The Wave Project extends surf therapy project in St Andrews

  • After a successful six-week pilot, surf therapy courses will continue at West Sands beach
  • From the end of August, surf therapy will be accessible to vulnerable children for another year in the local area
  • Marks the 33rd UK and second Scottish location of the UK’s leading surf therapy charity

St Andrews, 2 August 2021: The Wave Project has extended its surf therapy programme at West Sands beach in St Andrews for another year, after a successful pilot which saw vulnerable young people from the local area complete an initial course of surf therapy.

The new site, which becomes the charity’s 33rd project location in the UK and the second in Scotland in addition to a project in Dunbar, will offer courses of surf therapy for vulnerable children and young people from the end of August. 

The charity is hoping to reach another 80 young people in St Andrews by August next year through their surf therapy programme, which aims to build confidence, self-esteem and resilience.

Launched in May this year, the pilot was generously funded by the University of St Andrews Charities Campaign, which donated £21,000 to The Wave Project in 2018. The pilot marked the first time that a university has actively fundraised to start a new surf therapy project to support local children.

Modelled on other Wave Project courses throughout the UK, courses of eight young people were run on Mondays, Tuesdays and Thursdays after school for six weeks in partnership with surf school Blown Away, reaching 24 young people between the ages of eight and 19.

In response to the Covid-19 pandemic and the impact of resulting lockdowns, two main issues affecting young people in St Andrews – mental health and social isolation – were identified as primary drivers of referrals to the pilot course. 

Following the pilot, self-evaluation undertaken by the young people referred showed a 41% increase in feeling confident, a 32% increase in feeling calm, and a 35% increase in being able to ‘laugh when things go wrong’ – demonstrating a positive effect on reducing anxiety, a key reason for referral to the programme.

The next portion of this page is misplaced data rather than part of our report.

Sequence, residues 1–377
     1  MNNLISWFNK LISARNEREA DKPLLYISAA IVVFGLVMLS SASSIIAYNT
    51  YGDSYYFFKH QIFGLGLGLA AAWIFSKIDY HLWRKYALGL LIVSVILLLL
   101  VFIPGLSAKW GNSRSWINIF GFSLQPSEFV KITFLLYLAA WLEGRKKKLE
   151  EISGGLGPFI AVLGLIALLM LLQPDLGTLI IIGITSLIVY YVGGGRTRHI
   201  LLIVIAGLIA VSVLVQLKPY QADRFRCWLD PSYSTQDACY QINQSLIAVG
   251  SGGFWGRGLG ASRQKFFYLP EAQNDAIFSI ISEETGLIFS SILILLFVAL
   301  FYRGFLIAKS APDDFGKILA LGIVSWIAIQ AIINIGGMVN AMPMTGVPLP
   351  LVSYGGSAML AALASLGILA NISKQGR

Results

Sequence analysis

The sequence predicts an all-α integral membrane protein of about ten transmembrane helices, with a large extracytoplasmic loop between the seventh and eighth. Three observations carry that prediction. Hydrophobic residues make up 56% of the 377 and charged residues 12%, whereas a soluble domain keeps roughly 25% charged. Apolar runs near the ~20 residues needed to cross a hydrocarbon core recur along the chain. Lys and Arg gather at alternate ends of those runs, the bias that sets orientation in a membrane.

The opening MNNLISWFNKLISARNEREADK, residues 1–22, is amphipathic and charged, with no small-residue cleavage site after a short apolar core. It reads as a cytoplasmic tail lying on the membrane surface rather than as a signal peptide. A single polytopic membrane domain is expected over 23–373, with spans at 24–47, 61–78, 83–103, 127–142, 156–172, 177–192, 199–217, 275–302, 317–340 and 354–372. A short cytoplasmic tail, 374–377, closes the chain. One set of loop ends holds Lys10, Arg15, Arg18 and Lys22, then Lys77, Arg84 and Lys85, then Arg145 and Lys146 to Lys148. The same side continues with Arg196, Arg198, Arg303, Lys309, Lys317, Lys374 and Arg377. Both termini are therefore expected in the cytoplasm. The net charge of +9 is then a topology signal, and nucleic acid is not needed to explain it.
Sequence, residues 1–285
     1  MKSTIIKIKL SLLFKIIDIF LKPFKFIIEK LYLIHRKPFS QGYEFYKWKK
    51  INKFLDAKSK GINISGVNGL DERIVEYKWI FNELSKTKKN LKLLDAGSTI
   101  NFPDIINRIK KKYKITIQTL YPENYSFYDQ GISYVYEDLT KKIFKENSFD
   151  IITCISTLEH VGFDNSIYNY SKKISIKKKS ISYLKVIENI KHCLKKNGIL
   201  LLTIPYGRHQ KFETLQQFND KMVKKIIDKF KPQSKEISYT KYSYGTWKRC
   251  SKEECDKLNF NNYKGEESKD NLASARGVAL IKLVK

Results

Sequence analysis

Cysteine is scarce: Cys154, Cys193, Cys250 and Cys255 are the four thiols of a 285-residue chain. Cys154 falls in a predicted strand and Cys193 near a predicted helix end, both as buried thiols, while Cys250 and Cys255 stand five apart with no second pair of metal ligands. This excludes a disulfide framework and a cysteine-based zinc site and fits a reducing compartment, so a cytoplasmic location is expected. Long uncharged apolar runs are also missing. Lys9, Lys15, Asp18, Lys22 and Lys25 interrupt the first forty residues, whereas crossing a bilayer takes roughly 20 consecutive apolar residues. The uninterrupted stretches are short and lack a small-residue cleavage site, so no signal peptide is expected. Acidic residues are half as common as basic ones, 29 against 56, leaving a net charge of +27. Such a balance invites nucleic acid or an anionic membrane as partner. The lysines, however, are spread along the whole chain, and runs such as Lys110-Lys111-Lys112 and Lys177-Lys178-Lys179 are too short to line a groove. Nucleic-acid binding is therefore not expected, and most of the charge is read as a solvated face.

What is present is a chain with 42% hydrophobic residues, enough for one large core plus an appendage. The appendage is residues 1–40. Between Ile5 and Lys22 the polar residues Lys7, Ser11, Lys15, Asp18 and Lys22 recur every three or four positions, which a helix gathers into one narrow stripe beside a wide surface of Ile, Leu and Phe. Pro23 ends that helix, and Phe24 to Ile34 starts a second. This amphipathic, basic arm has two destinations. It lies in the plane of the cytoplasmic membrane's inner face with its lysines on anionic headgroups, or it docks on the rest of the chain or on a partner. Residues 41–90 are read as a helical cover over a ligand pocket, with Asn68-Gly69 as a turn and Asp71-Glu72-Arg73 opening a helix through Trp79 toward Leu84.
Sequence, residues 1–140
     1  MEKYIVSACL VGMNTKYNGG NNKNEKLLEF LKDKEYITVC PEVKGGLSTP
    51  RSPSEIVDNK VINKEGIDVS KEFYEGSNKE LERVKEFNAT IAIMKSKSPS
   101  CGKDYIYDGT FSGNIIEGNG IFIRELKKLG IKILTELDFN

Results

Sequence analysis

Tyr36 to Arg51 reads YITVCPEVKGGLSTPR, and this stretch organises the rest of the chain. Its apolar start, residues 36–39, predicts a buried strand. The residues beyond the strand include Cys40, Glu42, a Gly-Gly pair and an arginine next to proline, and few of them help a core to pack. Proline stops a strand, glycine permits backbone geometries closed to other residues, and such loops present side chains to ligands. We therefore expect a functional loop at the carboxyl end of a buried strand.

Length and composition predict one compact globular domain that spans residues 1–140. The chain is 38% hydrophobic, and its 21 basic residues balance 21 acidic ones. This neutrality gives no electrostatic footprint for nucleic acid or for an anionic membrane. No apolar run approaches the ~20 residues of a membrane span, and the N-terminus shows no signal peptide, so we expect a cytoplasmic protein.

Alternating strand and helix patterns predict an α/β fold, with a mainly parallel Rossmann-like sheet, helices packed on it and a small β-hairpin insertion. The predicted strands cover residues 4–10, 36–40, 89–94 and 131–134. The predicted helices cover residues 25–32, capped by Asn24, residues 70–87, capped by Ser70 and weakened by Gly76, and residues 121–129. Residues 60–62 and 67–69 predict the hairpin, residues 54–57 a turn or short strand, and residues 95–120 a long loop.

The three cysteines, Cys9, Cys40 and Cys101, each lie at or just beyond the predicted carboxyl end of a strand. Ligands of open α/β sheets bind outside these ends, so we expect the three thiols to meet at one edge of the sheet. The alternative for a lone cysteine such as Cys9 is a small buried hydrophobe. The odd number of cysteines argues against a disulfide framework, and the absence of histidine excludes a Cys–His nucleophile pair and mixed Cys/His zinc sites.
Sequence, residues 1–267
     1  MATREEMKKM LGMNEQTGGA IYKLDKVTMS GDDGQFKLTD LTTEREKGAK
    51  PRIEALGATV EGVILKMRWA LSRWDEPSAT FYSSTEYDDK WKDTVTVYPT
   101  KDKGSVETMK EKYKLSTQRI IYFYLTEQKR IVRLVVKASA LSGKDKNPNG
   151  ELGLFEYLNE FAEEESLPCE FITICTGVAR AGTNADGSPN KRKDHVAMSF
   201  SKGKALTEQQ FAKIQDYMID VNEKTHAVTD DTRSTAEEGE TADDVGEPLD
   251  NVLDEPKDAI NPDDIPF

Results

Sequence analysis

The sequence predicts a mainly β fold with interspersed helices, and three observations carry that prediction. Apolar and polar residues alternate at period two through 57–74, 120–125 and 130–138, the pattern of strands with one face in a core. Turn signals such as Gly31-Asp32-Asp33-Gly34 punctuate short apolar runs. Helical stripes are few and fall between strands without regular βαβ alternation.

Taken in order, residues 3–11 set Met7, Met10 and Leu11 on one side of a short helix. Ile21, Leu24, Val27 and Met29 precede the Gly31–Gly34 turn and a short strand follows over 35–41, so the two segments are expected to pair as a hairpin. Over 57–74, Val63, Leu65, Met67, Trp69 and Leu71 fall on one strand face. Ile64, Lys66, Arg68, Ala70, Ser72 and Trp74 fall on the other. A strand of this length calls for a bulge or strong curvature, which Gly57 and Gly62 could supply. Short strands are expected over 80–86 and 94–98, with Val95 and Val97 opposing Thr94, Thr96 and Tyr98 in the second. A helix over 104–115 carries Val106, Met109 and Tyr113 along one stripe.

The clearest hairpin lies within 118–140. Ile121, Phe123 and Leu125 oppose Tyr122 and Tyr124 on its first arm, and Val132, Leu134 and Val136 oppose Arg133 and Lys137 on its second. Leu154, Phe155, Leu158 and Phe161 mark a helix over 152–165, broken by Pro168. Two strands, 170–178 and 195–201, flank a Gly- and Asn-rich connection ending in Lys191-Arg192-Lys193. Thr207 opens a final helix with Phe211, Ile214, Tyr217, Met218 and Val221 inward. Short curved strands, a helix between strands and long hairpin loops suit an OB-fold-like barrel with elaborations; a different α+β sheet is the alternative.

The scheme also generated significant interest from local volunteers, with 123 people aged between 16 and 65 signing up for volunteer sessions and a final 40 completing the full training – meaning all surfers benefited from 1:1 or 2:1 support.  

Volunteers included a mix of university students, wild swimming enthusiasts, local residents and surfers, allowing young people attending the course to be paired with an appropriate volunteer depending on their needs. 

Joe Taylor, founder and CEO of The Wave Project, said: “Our initial ambition with the pilot was to show the benefits of surf therapy as a mental health intervention for young people in St Andrews and the surrounding areas, and demonstrate the positive benefits it has not only for clients and their families, but for the whole community.

“We’ve more than surpassed this ambition, with huge volunteer interest from a range of different people in the local community, and the results of the self-evaluation speak for themselves.

“As a graduate of St Andrews University myself, I’m delighted that we are able to extend our surf therapy programme in St Andrews for another year and look forward to welcoming more young people to our courses.” 

Lyndsey Proctor, a parent of an attendee of the pilot, added: “My son is a lot more confident, he seems happier and believes in himself a lot more. He is a lot calmer in situations where normally he would freak out straight away, he has taken a step back and is thinking about things more. He still struggles, but he is more chilled out and can deal with situations better. I am so happy for him. 

“He is always buzzing when he comes out of the water and when he gets in the car he is relaxed and falls asleep straight away. It normally takes him hours to fall asleep because he is worried, but this chills him right out. I am so happy for him. Every week I go home with a sore face from smiling.”